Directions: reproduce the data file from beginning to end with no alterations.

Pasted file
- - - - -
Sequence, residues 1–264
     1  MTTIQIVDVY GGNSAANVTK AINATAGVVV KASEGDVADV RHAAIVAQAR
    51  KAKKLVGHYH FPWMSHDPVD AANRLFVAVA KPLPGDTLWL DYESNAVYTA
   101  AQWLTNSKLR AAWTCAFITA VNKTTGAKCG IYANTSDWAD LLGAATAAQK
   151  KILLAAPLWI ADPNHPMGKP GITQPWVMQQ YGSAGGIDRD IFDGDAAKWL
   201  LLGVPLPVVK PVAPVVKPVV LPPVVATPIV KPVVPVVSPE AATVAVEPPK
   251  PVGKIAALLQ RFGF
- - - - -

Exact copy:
Sequence, residues 1–264
     1  MTTIQIVDVY GGNSAANVTK AINATAGVVV KASEGDVADV RHAAIVAQAR
    51  KAKKLVGHYH FPWMSHDPVD AANRLFVAVA KPLPGDTLWL DYESNAVYTA
   101  AQWLTNSKLR AAWTCAFITA VNKTTGAKCG IYANTSDWAD LLGAATAAQK
   151  KILLAAPLWI ADPNHPMGKP GITQPWVMQQ YGSAGGIDRD IFDGDAAKWL
   201  LLGVPLPVVK PVAPVVKPVV LPPVVATPIV KPVVPVVSPE AATVAVEPPK
   251  PVGKIAALLQ RFGF